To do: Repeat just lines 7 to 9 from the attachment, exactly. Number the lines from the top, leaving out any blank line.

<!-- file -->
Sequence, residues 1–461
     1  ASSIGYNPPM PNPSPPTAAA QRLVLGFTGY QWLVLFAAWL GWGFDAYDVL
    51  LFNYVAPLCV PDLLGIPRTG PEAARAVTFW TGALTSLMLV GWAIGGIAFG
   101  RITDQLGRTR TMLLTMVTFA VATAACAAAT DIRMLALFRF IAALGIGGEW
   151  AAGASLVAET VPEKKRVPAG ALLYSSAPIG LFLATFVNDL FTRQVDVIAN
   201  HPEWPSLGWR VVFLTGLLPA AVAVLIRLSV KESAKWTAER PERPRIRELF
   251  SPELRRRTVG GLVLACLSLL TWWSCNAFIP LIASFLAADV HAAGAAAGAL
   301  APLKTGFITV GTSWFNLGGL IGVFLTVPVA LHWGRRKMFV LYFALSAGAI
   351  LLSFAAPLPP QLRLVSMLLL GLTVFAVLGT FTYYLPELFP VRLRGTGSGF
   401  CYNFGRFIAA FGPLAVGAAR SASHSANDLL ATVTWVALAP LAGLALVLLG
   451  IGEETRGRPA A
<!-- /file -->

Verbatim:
   251  SPELRRRTVG GLVLACLSLL TWWSCNAFIP LIASFLAADV HAAGAAAGAL
   301  APLKTGFITV GTSWFNLGGL IGVFLTVPVA LHWGRRKMFV LYFALSAGAI
   351  LLSFAAPLPP QLRLVSMLLL GLTVFAVLGT FTYYLPELFP VRLRGTGSGF